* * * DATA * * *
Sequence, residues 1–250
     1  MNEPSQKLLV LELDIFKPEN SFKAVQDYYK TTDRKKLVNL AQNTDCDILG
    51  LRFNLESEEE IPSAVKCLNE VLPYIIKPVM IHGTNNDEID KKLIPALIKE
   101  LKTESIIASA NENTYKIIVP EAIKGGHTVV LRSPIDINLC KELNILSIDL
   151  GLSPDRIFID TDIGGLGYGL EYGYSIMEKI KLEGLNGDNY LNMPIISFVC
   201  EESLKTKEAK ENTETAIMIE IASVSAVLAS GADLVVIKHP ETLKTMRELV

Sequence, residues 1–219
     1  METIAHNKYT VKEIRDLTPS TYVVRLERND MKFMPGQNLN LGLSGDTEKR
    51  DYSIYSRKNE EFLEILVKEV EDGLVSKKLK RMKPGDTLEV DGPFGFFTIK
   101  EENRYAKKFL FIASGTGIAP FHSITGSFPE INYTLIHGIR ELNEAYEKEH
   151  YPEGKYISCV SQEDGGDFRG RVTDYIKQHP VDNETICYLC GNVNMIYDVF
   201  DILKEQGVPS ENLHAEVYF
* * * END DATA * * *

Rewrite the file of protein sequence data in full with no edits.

Sequence, residues 1–250
     1  MNEPSQKLLV LELDIFKPEN SFKAVQDYYK TTDRKKLVNL AQNTDCDILG
    51  LRFNLESEEE IPSAVKCLNE VLPYIIKPVM IHGTNNDEID KKLIPALIKE
   101  LKTESIIASA NENTYKIIVP EAIKGGHTVV LRSPIDINLC KELNILSIDL
   151  GLSPDRIFID TDIGGLGYGL EYGYSIMEKI KLEGLNGDNY LNMPIISFVC
   201  EESLKTKEAK ENTETAIMIE IASVSAVLAS GADLVVIKHP ETLKTMRELV

Sequence, residues 1–219
     1  METIAHNKYT VKEIRDLTPS TYVVRLERND MKFMPGQNLN LGLSGDTEKR
    51  DYSIYSRKNE EFLEILVKEV EDGLVSKKLK RMKPGDTLEV DGPFGFFTIK
   101  EENRYAKKFL FIASGTGIAP FHSITGSFPE INYTLIHGIR ELNEAYEKEH
   151  YPEGKYISCV SQEDGGDFRG RVTDYIKQHP VDNETICYLC GNVNMIYDVF
   201  DILKEQGVPS ENLHAEVYF